One of Sunderland’s most iconic buildings is set for a major revamp under new plans. The Hutchinson’s Buildings – better known as Mackie’s Corner – have watched over High Street West since Victorian times.
For generations, the shopping complex at the junction of Bridge Street and High Street West was a favourite meeting spot for Wearsiders.
City property developer Henry Kirtley and daughter Alex recently took over the site with brewery, shop and hotel uses among ideas for the future uses of the building. The space has also hosted pop-up art exhibitions paying tribute the building’s history.
Now, plans have been lodged with Sunderland City Council to give the grade-II listed building a lasting makeover.
This includes repairing windows, restoring original shop fronts, a full roof replacement and reinstating clock faces on the dome. The proposals fall against a backdrop of Sunderland’s ‘Historic High Streets’ Heritage Action Zone (HAZ) – set up in 2017 following a successful grant from Historic England.
Under the Sunderland HAZ Partnership Grant Scheme, grants are made available to property owners for repair and improvement works.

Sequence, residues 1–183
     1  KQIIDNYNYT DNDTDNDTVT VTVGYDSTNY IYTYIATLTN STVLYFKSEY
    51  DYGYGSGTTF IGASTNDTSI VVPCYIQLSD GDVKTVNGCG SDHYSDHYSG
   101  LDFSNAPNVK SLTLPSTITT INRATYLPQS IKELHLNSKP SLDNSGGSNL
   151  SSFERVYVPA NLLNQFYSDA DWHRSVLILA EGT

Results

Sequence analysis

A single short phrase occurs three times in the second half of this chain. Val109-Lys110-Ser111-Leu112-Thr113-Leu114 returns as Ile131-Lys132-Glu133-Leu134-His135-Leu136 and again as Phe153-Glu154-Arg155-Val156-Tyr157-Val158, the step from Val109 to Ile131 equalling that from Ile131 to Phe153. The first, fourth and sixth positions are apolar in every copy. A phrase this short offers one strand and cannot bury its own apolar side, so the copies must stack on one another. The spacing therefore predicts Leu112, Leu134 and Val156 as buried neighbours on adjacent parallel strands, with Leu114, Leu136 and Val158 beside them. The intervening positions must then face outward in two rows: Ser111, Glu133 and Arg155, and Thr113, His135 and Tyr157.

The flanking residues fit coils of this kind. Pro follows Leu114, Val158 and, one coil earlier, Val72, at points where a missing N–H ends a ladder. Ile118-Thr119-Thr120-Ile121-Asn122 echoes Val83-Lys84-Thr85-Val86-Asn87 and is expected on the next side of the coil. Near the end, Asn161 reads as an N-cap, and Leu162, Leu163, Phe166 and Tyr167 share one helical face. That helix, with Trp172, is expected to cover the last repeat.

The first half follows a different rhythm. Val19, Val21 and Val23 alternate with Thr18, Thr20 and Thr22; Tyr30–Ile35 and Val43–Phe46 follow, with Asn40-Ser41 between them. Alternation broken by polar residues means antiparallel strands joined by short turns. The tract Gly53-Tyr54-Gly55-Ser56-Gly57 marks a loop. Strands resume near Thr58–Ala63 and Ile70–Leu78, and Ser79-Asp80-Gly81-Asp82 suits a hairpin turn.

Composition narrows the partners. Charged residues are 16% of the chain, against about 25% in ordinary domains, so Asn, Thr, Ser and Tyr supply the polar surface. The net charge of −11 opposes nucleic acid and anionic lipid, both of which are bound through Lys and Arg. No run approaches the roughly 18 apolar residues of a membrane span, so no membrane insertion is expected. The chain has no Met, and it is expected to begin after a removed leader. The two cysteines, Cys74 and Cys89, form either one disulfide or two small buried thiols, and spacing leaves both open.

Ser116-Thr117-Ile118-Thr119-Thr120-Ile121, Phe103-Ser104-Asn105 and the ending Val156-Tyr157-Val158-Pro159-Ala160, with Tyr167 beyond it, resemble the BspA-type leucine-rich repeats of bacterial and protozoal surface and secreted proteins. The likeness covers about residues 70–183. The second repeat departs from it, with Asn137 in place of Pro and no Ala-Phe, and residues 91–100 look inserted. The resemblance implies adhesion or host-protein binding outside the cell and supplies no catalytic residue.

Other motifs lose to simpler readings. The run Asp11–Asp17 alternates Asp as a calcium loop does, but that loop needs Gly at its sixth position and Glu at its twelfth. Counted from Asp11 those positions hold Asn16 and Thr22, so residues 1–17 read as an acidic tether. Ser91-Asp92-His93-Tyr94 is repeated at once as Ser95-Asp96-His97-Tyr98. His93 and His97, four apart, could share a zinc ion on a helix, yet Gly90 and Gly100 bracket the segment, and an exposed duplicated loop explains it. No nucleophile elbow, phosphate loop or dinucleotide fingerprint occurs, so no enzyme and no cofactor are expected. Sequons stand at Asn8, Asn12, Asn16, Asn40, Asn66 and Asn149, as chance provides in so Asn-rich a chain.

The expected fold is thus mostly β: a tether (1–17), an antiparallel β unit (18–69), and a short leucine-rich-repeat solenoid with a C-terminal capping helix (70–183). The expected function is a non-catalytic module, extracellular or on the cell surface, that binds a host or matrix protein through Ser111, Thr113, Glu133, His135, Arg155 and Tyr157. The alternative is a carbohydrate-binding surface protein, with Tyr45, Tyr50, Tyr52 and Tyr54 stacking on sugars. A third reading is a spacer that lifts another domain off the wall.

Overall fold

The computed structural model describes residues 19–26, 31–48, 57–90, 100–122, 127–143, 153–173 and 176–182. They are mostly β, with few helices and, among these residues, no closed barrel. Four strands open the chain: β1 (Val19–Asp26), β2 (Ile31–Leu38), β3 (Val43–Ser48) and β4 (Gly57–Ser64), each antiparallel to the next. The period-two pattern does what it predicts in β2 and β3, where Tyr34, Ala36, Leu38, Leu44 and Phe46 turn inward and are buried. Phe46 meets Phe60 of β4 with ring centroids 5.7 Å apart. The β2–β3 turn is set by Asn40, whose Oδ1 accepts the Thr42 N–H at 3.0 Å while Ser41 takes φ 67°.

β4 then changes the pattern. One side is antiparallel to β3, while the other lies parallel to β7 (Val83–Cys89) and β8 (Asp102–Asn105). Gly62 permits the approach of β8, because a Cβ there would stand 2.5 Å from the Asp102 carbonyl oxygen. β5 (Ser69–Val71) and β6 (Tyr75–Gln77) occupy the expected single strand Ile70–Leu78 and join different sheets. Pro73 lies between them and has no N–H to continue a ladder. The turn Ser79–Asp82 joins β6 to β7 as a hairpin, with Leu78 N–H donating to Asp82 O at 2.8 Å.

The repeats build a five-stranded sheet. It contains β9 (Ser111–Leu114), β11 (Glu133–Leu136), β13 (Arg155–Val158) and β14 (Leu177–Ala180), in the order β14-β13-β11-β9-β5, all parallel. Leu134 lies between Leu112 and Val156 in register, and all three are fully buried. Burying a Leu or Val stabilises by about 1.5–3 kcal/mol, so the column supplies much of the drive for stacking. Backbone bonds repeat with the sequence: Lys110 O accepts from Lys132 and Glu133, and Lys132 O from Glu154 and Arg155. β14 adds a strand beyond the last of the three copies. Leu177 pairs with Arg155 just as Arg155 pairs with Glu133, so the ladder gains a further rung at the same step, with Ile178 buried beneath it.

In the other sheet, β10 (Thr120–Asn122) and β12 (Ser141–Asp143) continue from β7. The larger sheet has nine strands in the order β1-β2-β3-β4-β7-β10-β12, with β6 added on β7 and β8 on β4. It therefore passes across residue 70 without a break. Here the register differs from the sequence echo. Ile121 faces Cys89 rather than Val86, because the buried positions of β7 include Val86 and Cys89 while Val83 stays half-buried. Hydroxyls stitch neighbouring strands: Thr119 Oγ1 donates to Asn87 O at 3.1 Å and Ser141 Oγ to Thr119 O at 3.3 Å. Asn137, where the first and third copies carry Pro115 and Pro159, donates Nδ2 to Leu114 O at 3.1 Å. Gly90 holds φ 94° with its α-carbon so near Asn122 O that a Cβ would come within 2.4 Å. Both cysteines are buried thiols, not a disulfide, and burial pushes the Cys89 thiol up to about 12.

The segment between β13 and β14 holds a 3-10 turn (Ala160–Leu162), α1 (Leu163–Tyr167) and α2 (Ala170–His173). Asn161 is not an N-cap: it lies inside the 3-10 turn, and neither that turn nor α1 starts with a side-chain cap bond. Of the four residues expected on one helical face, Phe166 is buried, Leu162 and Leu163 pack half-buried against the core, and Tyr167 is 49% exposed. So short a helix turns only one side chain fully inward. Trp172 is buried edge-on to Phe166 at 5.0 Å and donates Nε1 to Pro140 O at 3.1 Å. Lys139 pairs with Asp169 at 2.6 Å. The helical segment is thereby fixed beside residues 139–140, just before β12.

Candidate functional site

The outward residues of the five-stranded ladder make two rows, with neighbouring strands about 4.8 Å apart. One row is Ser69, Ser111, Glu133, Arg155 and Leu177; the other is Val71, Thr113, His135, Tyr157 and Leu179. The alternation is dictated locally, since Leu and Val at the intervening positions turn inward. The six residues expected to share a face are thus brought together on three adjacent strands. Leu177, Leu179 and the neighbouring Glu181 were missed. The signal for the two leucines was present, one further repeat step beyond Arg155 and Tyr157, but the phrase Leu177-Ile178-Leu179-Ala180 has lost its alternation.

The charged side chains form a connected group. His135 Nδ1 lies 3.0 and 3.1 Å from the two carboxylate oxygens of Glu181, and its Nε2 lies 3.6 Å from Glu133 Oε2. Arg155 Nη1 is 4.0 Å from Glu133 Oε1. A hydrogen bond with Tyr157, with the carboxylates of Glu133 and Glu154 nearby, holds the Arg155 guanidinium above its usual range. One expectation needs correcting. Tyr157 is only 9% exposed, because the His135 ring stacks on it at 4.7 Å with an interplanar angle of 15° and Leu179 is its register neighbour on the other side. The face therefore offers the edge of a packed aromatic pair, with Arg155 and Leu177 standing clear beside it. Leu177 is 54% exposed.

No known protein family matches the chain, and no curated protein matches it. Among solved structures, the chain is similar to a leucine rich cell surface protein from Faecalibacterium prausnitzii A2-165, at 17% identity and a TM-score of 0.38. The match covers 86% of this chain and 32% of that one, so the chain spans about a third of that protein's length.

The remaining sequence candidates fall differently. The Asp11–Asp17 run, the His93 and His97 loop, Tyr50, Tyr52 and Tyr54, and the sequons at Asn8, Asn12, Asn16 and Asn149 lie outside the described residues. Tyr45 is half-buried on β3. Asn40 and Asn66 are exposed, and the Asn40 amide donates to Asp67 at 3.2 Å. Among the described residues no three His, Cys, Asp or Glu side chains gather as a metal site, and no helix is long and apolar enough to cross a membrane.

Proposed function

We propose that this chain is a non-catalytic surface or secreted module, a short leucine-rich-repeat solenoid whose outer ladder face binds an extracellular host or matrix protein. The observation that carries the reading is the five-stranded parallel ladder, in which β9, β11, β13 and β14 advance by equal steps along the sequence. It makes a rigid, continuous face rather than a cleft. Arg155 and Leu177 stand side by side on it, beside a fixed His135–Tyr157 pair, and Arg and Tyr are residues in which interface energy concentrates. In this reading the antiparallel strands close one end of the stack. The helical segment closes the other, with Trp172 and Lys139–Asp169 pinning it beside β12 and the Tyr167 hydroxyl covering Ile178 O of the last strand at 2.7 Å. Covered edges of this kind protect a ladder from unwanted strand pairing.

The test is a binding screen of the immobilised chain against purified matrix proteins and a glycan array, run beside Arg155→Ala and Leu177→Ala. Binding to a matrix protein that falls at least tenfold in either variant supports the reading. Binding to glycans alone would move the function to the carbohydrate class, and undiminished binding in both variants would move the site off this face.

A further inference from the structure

An £850,000 grant pot is available – incorporating match funding from the council – with the scheme set to generate extra funds through private sector investment. Mackie’s Corner is one of the landmark city blocks set to benefit alongside the Elephant Tea Rooms.
A design and access statement said the new owners aim to “restore the building to its former glory as a significant landmark at the heart of Sunderland.”
This includes “eliminating any negative impact whilst correcting the poor maintenance of the last few decades.”
The report adds: “The re-roofing of the entire property will guarantee the longevity of the structure (and) the repair and renewal of windows and shop fronts will revitalise the street front.
“The removal of later inappropriate internal layouts, partitions and materials, will give the building an opportunity to function in many different and varied ways.” Mackie’s Corner was built in 1845 on the site of a large house owned by Dr William Clanny..
The building’s first tenant was hatter Robert Mackie, whose shop attracted passers-by as his workers could be seen through the windows making hats. Public comments are open on the plans until Thursday, June 20 and can be made in writing or online.